the users is very handy, but it can inhibit users.


Focus groups
Focus groups are discussion groups in which a moderator solicits responses from a
group of users. The idea behind a focus group is that more and better information is
generated when users listen to and respond to one another. One person’s comment is
apt to elicit related comments from other users, and it may become apparent that many
of the participants are having the same problem. It is also possible, of course, that users
will disagree, and it is possible that certain people in the group will exercise undue
influence over others. Much of the success of a focus group depends on the skill of the
moderator. If funds permit, it is good to hire a professional focus-group moderator, as
long as the moderator understands enough about the issues that will be discussed.

A focus group, a questionnaire, and an interview will clearly be most effective when
users have used the system recently. Therefore, it makes a great deal of sense to
employ these evaluation methods as a follow-up to evaluation methods that entail using
the system.


Performance measurement
Performance measurement generates actual data from users as they work with a system
and its documentation. Normally, the user is given tasks to complete, and the evaluator
measures relevant parameters such as percentage of tasks or subtasks successfully
completed, time required for each task or subtask, frequency and type of errors, and
duration of pauses, indications of user frustration, and the ways in which the user seeks
assistance. This kind of performance measurement is what we usually mean by
“usability testing.”

There are many ways to design a usability test, and it is crucial to devise an appropriate
test methodology. First and foremost, you need to know what you are trying to find out.
For example, are you trying to find out the overall effectiveness of a manual? Or, are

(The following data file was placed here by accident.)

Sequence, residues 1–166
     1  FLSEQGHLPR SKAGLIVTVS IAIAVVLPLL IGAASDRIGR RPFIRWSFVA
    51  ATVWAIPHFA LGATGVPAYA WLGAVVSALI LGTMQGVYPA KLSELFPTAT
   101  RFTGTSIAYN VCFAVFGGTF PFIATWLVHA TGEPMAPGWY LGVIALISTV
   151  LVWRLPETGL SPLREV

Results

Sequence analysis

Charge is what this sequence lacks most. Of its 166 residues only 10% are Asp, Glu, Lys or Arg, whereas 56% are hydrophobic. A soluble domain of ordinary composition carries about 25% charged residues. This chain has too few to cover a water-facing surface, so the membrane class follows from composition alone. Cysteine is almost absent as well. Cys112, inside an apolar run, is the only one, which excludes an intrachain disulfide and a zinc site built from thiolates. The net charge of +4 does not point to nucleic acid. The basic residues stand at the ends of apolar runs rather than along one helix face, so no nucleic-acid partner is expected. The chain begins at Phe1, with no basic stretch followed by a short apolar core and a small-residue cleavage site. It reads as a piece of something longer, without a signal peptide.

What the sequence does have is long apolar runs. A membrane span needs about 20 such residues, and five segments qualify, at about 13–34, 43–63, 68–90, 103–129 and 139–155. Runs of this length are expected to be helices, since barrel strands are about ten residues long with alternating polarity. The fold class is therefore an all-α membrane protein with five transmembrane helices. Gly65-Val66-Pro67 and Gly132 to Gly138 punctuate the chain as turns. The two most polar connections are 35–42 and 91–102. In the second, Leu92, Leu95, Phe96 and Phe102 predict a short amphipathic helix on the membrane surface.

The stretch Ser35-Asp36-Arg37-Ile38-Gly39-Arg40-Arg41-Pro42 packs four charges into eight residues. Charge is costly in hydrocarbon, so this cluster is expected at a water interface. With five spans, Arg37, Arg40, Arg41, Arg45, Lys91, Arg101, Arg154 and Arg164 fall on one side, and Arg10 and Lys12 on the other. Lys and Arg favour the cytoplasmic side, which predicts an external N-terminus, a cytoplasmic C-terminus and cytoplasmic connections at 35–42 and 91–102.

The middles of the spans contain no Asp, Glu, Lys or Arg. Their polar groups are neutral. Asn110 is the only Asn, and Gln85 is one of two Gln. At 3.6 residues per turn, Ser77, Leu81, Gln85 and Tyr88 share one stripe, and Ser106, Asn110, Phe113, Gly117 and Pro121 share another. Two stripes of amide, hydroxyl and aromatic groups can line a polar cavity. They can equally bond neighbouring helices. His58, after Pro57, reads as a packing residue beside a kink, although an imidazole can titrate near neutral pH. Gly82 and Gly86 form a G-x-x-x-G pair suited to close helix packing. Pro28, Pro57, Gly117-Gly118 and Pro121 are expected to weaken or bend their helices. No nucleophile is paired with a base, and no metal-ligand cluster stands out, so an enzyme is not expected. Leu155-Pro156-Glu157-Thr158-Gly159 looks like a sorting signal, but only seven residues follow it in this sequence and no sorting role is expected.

you interesting in one design issue, such as size of headings or use of color? Unfocused
“fishing expeditions” are usually unproductive. Some of the crucial issues in devising a
test is choosing the subjects, deciding how many subjects you need, handling subjects
so that you don’t bias your data, and deciding when to you may want to discount the
data you get from particular subject—perhaps a person who is clearly in too great a
hurry or who turned out not to fit your subject profile. Other crucial issue are the nature
of the tasks and test materials and possible time limits. How realistic are the tasks you
are asking the user to perform? How closely do the testing conditions resemble the
conditions of actual use?

One very difficult problem in usability testing and other forms of evaluation is the
relationship between the documentation and the software (or other system). Should you
ask users to read the documentation or to work in their normal way, consulting the
documentation only if they wish to. If users choose not to consult the documentation,
you won’t learn about it. If you ask users to read the documentation, you are creating
an artificial situation.


Thinking-aloud protocols
A thinking aloud-protocol is a kind of usability test in which the user is asked to
continuously explain what he or she is thinking. The benefit here is that you can more
readily understand the user’s mental processes and, especially, what is causing a